|dc.identifier.citation||van Wilgen, B.W., Forsyth, G.G. and Prins, P. (2012). The management of fire-adapted ecosystems in an urban setting: The case of Table Mountain National Park, South Africa. Ecology and Society 17, 8. DOI: 10.5751/es-04526-170108||en
|dc.description.abstract||The Table Mountain National Park is a 265-km² conservation area embedded within a city of 3.5 million people.
The highly diverse and unique vegetation of the park is both fire prone and fire adapted, and the use of fire forms an integral
part of the ecological management of the park. Because fires are both necessary and dangerous, fire management is characterized
by uncertainty and conflict. The response of vegetation to fire is reasonably well understood, but the use of fire for conservation
purposes remains controversial because of key gaps in understanding. These gaps include whether or not the vegetation is
resilient to increases in fire frequency, how to deal with fire-sensitive forests embedded in fire-prone shrublands, and how to
integrate fire and invasive alien plant control. National legislation emphasizes the need to protect communities from dangerous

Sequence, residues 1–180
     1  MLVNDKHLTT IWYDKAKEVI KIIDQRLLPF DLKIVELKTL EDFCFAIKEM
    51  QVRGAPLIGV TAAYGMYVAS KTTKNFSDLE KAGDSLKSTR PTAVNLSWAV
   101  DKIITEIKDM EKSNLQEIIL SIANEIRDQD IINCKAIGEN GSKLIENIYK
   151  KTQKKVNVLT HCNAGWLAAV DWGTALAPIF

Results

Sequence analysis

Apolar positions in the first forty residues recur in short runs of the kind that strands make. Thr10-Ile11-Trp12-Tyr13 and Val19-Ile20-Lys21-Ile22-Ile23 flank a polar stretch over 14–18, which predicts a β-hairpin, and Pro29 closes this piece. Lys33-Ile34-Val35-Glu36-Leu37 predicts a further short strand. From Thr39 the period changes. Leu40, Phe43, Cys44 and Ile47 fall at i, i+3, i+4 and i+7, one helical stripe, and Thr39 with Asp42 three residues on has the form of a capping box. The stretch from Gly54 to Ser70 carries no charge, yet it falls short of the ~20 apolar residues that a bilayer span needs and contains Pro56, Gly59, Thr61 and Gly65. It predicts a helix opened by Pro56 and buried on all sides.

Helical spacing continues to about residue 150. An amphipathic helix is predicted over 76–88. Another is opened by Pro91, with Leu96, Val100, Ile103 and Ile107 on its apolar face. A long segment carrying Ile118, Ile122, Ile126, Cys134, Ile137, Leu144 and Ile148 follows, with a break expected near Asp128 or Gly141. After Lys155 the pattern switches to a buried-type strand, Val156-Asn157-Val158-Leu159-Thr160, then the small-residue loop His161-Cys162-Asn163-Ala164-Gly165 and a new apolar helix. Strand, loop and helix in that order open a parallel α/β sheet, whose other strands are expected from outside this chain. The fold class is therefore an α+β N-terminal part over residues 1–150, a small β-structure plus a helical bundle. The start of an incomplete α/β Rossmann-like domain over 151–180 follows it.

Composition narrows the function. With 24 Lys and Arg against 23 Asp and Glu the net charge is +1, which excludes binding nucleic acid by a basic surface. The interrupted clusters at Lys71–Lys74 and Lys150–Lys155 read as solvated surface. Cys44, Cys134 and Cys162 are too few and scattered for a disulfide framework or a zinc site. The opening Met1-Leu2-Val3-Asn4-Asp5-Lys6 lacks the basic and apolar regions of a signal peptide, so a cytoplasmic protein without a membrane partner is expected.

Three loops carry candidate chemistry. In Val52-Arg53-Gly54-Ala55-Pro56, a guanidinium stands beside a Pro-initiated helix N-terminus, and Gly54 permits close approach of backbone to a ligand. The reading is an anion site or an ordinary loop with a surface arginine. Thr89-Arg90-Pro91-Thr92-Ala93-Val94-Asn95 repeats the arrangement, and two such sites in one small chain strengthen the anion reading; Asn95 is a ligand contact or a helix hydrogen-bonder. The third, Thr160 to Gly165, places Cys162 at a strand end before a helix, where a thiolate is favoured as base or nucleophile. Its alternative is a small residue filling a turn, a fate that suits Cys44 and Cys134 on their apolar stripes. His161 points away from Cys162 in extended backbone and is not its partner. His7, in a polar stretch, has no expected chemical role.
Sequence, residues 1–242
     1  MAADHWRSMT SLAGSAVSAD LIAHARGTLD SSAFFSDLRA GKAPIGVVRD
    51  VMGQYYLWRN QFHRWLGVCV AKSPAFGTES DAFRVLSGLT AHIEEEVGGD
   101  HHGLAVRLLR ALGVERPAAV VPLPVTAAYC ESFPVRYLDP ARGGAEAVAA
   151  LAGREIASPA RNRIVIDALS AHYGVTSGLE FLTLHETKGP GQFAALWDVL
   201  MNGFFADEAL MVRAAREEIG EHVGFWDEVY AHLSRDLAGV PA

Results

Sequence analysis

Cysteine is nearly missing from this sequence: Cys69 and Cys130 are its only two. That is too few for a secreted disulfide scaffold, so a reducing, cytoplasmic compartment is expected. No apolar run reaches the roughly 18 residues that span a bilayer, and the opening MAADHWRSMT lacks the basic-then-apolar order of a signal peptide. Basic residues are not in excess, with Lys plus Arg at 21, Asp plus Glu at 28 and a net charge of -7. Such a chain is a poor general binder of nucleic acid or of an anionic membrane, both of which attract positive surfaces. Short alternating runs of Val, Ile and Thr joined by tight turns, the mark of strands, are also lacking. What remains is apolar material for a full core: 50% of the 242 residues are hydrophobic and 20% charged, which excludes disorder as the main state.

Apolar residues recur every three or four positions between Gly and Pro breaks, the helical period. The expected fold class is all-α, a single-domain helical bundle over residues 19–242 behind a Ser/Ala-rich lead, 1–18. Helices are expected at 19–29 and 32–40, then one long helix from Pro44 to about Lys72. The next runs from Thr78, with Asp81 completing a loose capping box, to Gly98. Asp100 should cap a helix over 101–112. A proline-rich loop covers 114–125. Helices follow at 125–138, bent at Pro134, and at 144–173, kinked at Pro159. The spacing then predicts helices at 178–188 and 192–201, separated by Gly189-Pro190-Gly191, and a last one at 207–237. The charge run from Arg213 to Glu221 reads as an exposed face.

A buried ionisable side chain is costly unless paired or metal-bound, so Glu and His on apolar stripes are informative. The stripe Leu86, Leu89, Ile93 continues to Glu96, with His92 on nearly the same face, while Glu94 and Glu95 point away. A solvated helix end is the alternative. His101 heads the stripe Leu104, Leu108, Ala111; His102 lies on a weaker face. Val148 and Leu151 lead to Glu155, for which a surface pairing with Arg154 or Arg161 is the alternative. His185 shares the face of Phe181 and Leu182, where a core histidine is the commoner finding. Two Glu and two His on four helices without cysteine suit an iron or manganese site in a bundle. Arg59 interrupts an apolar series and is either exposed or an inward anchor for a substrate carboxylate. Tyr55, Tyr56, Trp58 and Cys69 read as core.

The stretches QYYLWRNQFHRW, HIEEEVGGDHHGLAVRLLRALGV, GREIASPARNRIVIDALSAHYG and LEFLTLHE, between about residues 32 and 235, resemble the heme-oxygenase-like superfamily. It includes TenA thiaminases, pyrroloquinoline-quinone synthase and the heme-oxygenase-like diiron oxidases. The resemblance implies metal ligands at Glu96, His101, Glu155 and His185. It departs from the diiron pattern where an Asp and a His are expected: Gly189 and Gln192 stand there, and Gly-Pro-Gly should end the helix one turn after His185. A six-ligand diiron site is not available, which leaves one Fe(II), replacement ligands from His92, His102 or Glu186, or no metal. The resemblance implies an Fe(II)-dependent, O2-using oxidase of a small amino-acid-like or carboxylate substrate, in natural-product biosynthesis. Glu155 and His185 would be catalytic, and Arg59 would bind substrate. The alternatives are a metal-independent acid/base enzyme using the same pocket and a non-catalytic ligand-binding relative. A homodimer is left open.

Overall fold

wildfires, and this compels fire managers to adopt a cautious approach to the application of fire. Ecological outcomes are
optimized under a fire regime of relatively high-intensity, dry-season fires. Obtaining permission to burn under such conditions
is not possible, and so the practice of prescribed burning is constrained, and this results in a fire regime dominated by wildfires.
Ecological uncertainties, and the divergent requirements for maintaining healthy ecosystems on the one hand, and ensuring
human safety on the other, result in a complex fire management environment. These complexities could be, and in some cases
are being, alleviated by raising awareness, increasing fire management capacity, improving ecological monitoring of the effects
of fire, and prioritizing areas for integrated fire and invasive alien plant management.||en